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Rotation is visualisation, 3D is 2D: using a novel measure to investigate the genetics of spatial ability

Research output: Contribution to journalArticle

Original languageEnglish
Article number30545
JournalScientific Reports
Early online date1 Aug 2016
Publication statusE-pub ahead of print - 1 Aug 2016


King's Authors


Spatial abilities – defined broadly as the capacity to manipulate mental representations of objects and the relations between them – have been studied widely, but with little agreement reached concerning their nature or structure. Two major putative spatial abilities are “mental rotation” (rotating mental models) and “visualisation” (complex manipulations, such as identifying objects from incomplete information), but inconsistent findings have been presented regarding their relationship to one another. Similarly inconsistent findings have been reported for the relationship between two- and three-dimensional stimuli.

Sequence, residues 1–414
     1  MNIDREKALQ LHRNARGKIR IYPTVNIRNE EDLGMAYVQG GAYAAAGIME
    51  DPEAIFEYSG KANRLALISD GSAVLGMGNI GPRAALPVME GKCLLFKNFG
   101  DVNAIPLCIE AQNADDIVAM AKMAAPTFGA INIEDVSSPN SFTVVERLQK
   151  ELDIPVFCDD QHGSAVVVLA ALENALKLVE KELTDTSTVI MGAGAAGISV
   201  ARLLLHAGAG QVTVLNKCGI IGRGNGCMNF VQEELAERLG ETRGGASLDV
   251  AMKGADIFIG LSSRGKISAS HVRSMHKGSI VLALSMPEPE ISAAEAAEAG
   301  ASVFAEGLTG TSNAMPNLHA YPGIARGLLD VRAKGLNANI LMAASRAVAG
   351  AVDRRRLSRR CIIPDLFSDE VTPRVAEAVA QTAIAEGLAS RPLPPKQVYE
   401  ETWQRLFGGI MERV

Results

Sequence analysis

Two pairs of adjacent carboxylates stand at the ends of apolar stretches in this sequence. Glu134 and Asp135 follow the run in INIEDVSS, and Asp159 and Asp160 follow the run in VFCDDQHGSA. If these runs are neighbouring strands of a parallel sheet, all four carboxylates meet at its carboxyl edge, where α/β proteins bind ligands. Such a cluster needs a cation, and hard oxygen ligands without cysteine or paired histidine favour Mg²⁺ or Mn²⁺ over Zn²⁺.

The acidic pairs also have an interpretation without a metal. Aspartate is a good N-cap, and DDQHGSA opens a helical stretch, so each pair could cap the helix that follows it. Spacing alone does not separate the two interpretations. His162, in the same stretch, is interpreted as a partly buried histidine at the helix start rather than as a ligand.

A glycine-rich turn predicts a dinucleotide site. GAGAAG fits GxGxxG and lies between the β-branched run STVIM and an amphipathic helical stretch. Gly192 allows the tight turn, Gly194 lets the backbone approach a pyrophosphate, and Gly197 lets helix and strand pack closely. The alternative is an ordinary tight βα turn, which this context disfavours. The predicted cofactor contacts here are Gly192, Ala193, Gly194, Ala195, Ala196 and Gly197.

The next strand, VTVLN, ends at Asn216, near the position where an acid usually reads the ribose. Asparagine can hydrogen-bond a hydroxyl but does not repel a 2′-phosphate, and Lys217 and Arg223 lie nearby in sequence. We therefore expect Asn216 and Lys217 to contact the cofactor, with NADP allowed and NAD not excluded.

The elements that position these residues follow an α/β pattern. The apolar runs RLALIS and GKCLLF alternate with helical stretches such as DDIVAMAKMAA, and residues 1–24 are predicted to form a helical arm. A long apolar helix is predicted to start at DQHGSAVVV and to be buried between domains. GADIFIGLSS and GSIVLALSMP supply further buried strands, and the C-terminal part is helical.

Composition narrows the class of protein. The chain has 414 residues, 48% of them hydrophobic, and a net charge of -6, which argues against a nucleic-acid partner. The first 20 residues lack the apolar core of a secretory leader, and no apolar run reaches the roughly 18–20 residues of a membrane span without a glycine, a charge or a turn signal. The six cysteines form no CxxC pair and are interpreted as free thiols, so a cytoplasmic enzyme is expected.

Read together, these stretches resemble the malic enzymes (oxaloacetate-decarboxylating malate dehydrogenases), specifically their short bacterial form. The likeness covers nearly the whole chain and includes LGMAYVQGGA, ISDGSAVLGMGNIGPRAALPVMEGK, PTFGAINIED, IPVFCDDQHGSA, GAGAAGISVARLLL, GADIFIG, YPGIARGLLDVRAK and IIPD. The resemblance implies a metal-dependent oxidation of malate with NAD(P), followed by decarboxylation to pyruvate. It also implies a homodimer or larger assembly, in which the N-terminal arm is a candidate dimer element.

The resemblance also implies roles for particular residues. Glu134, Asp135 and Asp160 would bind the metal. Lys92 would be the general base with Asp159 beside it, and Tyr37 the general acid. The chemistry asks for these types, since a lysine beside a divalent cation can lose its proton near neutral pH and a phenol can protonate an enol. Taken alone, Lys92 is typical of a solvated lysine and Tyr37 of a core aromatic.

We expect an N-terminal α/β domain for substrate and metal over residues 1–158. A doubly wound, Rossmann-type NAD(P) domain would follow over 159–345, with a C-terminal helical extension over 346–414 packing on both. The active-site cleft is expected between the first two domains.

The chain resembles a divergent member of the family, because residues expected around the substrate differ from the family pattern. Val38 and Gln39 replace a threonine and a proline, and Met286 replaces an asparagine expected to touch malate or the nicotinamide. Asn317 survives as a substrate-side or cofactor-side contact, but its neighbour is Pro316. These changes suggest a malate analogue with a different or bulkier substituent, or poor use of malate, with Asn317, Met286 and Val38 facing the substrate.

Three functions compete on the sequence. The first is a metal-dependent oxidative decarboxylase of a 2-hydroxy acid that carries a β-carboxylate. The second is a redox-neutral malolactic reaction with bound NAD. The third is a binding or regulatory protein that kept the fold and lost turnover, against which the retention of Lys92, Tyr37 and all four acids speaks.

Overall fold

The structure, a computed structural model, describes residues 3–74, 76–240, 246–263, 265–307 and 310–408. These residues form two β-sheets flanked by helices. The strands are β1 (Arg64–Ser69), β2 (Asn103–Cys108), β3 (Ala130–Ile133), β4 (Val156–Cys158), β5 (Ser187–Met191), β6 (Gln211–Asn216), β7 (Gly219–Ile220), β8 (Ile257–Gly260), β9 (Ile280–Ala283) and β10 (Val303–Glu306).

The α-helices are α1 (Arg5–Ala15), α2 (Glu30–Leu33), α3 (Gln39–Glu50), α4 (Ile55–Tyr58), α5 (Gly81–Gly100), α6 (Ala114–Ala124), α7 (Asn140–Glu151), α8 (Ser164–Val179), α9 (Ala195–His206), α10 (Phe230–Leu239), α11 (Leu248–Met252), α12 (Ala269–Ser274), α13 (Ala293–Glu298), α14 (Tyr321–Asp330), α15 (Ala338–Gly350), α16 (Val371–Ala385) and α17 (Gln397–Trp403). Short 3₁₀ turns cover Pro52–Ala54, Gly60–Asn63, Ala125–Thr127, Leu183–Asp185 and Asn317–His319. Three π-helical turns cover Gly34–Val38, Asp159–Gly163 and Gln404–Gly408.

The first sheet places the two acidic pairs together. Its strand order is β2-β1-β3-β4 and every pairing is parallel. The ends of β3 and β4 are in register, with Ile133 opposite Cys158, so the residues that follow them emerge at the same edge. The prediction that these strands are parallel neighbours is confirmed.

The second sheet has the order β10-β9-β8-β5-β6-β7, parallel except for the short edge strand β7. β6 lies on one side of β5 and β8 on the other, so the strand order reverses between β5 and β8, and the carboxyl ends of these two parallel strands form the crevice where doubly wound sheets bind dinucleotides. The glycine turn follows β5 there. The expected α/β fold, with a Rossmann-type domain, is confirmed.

Behavioural genetic methods offer a largely untapped means to investigate such relationships. 1,265 twin pairs from the Twins Early Development Study completed the novel “Bricks” test battery, designed to tap these abilities in isolation. The results suggest substantial genetic influence unique to spatial ability as a whole, but indicate that dissociations between the more specific constructs (rotation and visualisation, in 2D and 3D) disappear when tested under identical conditions: they are highly correlated phenotypically, perfectly correlated genetically (indicating that the same genetic influences underpin performance), and are related similarly to other abilities. This has important implications for the structure of spatial ability, suggesting that the proliferation of apparent sub-domains may sometimes reflect idiosyncratic tasks rather than meaningful dissociations.

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